The move came a day after the National Investigation Agency (NIA) invoked a tough maritime safety law — which provides for only the death penalty on conviction — against the marines. This is section 3 of the Suppression of Unlawful Acts against Safety of Maritime Navigation and Fixed Platforms on Continental Shelf Act, 2002 (SUA).
Rome has reportedly complained about India going back on what it had said about the death penalty’s applicability in this case when Italy decided to send the marines back last month.
“According to well-settled Indian jurisprudence, this case would not fall in the category of matters which attract the death penalty, that is to say the rarest of rare cases. Therefore, there need not be any apprehension in this regard,” Khurshid had said while informing Parliament about Italy’s reversal of its initial decision to not send the marines back.
The call by Monti followed a meeting between Khurshid and Italian deputy foreign minister Staffan de Mistura, Rome’s key interlocutor with New Delhi on the issue. “Khurshid provided the Italian deputy foreign minister an update on the developments since their meeting last month. He also informed him of the steps being taken in compliance with Supreme Court directions and intentions of the government to inform the court on April 16 of the efforts made to constitute a special court,” official sources said.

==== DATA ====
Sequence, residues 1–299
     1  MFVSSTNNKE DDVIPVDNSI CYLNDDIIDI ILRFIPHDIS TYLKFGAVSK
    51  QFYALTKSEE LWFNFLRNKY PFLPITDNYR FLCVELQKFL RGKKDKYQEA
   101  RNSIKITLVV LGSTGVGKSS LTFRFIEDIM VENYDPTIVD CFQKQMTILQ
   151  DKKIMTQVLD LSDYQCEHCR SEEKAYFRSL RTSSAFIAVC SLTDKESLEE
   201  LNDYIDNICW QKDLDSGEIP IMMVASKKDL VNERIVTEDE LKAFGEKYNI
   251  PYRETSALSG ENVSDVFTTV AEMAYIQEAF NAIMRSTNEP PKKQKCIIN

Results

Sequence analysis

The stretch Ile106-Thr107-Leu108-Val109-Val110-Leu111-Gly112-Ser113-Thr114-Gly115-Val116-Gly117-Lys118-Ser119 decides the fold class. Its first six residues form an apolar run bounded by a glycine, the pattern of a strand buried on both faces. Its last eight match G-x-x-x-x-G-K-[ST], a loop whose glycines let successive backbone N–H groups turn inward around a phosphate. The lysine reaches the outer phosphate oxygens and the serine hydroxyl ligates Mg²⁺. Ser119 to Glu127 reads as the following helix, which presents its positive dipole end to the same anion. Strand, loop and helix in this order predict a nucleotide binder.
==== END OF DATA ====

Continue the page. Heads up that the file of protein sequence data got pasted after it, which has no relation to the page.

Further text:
Italy has maintained that India doesn’t have jurisdiction to try the marines. But invocation of the SUA is being seen as India’s assertion to the contrary. The SUA also needed to be invoked for handing over of the case to the NIA.
The marines —Massimiliano Latorre and Salvatore Girone — were allowed to go to Italy in February to vote in the general elections. But the Italian foreign ministry announced on March 11 that the marines would not return to India. On March 21, they backtracked and sent the marines back.